In a bold move today Standard & Poor's placed 612 classes of RMBSbacked by U.S. subprime collateral on creditwatch with negative implications, subsequently affecting approximately $12.08 billion in rated securities, a move some market players have been loathing for months. The injured classes represent 2.13% of the $565.3 billion in U.S. RMBS rated by S&P between the fourth quarter of 2005 and the fourth quarter of 2006.

And S&P was not the only ratings agency to slash RMBS ratings today. In fact, Moody's Investors Servicedowngraded 399 2006 subprime RMBS and placed an additional 32 RMBS under review for possible downgrade the exact same day.

Later this afternoon, Moody's announced both positive and negative rating actions on 127 2005 vintage securities backed by subprime closed-end second lien mortgage loans. The rating actions affect securities with an original face value of $1.6 billion, which represents 7.7% of the dollar volume and 22% of the securities rated by Moody's in 2005 backed by subprime second lien loans.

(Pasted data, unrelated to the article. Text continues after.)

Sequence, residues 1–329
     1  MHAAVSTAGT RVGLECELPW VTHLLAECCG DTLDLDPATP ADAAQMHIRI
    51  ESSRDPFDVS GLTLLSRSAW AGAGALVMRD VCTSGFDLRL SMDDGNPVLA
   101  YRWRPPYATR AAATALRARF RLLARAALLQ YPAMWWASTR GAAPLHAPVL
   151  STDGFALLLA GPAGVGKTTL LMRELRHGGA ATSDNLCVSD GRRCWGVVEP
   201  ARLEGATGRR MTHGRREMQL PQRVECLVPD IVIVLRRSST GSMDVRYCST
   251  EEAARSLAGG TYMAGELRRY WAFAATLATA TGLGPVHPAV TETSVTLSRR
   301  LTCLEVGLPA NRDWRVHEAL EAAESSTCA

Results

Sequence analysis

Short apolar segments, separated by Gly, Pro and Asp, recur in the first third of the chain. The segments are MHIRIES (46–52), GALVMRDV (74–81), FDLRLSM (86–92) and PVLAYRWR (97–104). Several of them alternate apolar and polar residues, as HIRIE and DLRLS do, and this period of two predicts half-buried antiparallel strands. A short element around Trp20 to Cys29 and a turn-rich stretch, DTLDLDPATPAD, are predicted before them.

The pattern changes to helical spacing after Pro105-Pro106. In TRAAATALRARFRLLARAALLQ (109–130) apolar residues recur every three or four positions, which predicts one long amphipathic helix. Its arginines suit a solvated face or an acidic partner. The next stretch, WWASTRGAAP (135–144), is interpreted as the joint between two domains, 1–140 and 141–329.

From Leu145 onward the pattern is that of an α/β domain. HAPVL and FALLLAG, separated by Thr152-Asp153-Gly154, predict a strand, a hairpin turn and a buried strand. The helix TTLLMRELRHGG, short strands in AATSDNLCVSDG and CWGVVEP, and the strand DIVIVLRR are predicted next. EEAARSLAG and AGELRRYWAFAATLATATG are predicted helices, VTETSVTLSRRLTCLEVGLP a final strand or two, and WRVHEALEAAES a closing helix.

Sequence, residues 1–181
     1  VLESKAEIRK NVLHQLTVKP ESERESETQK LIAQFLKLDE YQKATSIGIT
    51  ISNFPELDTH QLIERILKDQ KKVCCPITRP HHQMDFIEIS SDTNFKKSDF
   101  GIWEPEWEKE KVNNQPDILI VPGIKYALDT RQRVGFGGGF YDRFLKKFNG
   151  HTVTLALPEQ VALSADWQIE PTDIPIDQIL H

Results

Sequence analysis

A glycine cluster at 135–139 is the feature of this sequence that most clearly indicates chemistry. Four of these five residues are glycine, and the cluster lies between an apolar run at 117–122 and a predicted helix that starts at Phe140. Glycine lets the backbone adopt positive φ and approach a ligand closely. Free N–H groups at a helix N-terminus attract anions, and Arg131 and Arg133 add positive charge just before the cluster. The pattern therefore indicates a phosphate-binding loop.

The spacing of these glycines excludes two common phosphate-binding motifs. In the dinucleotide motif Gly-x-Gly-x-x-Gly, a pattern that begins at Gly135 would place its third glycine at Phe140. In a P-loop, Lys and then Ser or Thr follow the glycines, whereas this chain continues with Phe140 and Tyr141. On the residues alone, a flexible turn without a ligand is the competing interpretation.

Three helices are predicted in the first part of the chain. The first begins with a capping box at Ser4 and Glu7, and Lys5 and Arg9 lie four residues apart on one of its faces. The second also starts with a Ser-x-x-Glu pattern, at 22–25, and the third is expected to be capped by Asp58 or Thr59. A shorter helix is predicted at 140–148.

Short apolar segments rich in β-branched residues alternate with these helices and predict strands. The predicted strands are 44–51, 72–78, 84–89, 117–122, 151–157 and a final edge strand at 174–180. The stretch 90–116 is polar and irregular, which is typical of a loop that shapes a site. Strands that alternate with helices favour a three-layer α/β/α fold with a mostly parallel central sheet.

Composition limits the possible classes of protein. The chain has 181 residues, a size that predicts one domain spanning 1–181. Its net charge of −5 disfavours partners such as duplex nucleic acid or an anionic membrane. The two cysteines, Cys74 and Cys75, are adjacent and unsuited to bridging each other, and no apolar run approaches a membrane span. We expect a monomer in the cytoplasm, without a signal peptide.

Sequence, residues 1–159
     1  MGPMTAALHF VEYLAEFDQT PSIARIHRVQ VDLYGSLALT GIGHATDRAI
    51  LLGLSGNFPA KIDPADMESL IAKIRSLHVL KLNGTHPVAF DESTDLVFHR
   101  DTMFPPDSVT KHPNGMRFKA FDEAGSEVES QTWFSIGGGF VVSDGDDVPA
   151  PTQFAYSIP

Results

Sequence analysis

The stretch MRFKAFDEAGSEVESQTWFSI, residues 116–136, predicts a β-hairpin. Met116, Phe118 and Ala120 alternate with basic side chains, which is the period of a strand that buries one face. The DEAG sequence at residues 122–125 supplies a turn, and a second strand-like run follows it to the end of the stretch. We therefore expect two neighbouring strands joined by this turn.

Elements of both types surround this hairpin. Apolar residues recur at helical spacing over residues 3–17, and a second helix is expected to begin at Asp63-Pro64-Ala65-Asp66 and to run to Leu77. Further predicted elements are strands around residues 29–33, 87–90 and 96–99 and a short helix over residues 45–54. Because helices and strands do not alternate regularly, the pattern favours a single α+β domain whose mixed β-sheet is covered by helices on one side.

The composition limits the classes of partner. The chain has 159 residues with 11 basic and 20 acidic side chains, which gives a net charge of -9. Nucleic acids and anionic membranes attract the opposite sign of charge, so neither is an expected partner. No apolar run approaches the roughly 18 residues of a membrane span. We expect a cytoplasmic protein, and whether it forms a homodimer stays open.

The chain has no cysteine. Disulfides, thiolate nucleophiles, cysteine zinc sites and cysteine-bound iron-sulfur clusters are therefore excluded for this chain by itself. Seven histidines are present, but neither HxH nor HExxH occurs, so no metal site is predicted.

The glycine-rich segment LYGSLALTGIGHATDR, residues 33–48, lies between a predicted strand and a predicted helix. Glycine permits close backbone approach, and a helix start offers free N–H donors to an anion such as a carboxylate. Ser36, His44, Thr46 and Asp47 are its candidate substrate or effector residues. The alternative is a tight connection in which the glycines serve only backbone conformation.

Of the 127 ratings actions taken today, Moody's downgraded 52 securities (close to $393 million), of which 27 securities (about $205 million) are still on review for possible further downgrade. Moody's placed an added 23 securities (worth about $148 million) on review for possible downgrade. Most of the negative rating actions taken today impacted securities with prior ratings of 'Baa' and below, the rating agency said.

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